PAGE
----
Essential fatty acids (EFAs) have powerful anti-inflammatory properties and are essential for the synthesis of tissue lipids, which is linked to the appearance of skin aging. EFAs are long-chain polyunsaturated fatty acids derived from linolenic, linoleic and oleic acids. These cannot be produced in the human body and they have to be consumed through our daily dietary intake. We have attributed aging skin to have the characteristics of having a wrinkled appearance, dryness, and loss of elasticity (sagging). Studies indicated that higher linoleic acid intakes were associated with a lower likelihood of dryness and sagging as it bumps up the lipids in the skin layers attributing to a fuller, more youthful look. Natural sources high in EFAs include flaxseed and hemp oil, seeds (chia, pumpkin, sunflower seeds), walnuts, avocados, and salmon.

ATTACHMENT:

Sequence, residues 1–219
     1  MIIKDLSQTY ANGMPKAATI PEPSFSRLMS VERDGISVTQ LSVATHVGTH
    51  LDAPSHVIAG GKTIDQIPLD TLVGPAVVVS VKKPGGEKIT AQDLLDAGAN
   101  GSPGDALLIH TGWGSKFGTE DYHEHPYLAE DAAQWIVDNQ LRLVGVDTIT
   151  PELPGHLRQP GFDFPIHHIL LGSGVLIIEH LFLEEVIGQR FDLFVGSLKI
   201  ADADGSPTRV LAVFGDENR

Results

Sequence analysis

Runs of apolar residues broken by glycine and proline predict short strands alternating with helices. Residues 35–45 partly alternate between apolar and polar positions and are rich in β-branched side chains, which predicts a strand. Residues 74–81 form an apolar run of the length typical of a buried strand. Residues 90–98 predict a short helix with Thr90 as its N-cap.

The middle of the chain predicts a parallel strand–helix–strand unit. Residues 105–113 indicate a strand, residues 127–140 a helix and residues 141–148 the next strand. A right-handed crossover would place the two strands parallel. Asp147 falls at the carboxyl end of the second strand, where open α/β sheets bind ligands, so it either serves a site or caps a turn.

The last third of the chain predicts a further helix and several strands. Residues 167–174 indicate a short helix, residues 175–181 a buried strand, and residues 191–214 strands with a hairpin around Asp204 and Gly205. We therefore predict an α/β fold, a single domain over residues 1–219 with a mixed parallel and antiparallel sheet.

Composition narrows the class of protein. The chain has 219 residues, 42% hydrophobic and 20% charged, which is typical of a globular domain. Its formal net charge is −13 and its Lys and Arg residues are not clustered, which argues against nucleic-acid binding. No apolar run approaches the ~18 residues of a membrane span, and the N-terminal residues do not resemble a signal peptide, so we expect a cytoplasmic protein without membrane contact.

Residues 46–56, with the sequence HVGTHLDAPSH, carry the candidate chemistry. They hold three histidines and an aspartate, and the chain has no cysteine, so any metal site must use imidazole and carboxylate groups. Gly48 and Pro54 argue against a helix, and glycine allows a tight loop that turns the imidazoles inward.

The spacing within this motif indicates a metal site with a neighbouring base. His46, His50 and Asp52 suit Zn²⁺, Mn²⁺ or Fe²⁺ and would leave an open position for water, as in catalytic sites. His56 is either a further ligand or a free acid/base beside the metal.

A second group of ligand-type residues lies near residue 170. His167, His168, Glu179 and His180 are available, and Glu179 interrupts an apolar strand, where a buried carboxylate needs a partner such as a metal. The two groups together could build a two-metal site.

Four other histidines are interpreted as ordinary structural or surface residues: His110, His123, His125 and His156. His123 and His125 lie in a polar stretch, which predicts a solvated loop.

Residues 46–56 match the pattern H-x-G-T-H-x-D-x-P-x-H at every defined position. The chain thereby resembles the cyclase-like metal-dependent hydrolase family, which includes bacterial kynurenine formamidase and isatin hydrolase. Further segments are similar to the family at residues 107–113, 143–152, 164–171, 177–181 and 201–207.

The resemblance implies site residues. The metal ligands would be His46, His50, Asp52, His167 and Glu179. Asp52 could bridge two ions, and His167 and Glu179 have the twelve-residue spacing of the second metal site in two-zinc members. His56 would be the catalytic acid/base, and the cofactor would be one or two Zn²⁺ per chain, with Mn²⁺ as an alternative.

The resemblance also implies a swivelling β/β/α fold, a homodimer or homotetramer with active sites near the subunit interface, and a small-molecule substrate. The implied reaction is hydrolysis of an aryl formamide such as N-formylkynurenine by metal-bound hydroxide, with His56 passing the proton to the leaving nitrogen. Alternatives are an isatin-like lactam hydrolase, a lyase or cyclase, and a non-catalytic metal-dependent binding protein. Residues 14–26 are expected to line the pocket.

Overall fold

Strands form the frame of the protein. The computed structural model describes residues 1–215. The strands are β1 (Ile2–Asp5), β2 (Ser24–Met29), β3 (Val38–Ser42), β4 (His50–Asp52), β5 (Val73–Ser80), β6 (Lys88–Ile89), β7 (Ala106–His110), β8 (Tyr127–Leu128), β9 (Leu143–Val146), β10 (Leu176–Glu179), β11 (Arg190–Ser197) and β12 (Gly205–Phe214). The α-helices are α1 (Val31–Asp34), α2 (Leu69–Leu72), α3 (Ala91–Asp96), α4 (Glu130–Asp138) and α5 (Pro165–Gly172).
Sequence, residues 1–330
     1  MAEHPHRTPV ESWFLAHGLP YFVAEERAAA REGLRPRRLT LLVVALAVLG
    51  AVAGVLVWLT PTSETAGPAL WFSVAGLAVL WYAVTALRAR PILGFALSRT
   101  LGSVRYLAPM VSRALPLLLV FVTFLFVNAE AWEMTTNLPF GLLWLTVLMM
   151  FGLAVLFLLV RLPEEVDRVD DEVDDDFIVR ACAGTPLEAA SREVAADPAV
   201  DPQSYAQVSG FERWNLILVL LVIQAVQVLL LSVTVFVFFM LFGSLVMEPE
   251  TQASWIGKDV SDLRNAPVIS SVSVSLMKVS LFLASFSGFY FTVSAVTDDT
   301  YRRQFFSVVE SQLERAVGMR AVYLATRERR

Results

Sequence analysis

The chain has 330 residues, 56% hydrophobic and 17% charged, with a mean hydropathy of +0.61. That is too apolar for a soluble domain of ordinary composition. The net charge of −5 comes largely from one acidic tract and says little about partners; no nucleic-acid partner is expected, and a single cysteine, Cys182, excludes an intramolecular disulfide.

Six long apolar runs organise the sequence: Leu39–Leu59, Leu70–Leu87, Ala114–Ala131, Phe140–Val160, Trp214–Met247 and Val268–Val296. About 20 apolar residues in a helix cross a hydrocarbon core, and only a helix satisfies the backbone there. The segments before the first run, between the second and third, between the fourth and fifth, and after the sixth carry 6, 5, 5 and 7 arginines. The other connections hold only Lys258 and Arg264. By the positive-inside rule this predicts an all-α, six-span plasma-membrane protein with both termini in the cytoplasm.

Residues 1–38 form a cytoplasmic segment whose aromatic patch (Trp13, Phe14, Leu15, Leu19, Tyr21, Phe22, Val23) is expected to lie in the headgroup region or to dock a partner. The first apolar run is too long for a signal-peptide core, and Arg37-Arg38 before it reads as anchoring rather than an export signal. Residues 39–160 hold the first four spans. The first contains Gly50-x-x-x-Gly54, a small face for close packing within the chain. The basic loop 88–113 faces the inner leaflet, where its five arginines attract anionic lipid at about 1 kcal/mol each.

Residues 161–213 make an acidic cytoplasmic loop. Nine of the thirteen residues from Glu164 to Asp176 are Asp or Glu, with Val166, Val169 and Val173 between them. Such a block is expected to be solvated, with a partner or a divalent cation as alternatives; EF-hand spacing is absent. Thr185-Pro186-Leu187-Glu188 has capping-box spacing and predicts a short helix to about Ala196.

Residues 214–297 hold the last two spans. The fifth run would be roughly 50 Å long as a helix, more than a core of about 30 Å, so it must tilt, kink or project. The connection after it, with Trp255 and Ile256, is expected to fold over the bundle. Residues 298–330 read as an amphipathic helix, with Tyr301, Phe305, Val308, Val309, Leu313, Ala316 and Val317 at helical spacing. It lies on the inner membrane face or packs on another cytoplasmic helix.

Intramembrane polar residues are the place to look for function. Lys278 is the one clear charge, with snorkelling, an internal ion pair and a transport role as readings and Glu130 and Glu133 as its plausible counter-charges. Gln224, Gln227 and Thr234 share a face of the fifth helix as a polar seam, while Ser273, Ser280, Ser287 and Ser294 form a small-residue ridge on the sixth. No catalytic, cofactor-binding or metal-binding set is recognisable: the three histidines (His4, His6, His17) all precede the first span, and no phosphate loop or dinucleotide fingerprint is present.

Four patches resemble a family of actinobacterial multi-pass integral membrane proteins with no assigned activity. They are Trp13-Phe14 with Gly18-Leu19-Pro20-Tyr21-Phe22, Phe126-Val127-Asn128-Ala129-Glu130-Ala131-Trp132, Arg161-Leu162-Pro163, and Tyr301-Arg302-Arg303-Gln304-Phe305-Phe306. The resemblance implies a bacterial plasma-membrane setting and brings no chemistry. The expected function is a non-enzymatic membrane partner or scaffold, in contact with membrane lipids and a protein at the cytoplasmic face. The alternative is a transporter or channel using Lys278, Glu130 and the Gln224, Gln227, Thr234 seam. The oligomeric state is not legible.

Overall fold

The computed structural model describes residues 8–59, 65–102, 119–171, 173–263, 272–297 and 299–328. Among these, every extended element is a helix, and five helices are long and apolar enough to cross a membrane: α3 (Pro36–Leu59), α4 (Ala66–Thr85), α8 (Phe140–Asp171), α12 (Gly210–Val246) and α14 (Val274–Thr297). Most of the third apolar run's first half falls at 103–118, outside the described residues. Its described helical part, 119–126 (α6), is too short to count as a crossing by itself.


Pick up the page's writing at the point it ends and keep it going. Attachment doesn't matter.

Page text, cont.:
In closing, we are what we eat and it shows in our glow! Internal health leads to external beauty, and you attain it by being conscious to what you put into and onto yourself.

By Jen Wojtaszek • April 3, 2020

Boelsma, E., Hendriks, H., Roza, L. (2001). Nutritional skin care: health effects of micronutrients and fatty acids. The American Journal of Clinical Nutrition, 73(5), 853-864.

Silke, K., Vasiliki, A., Evgenia, M., & Christos, C. (2012). Discovering the link between nutrition and skin aging. Journal Dermato-Endrocrinology, 4(3), 298-307.



bottom of page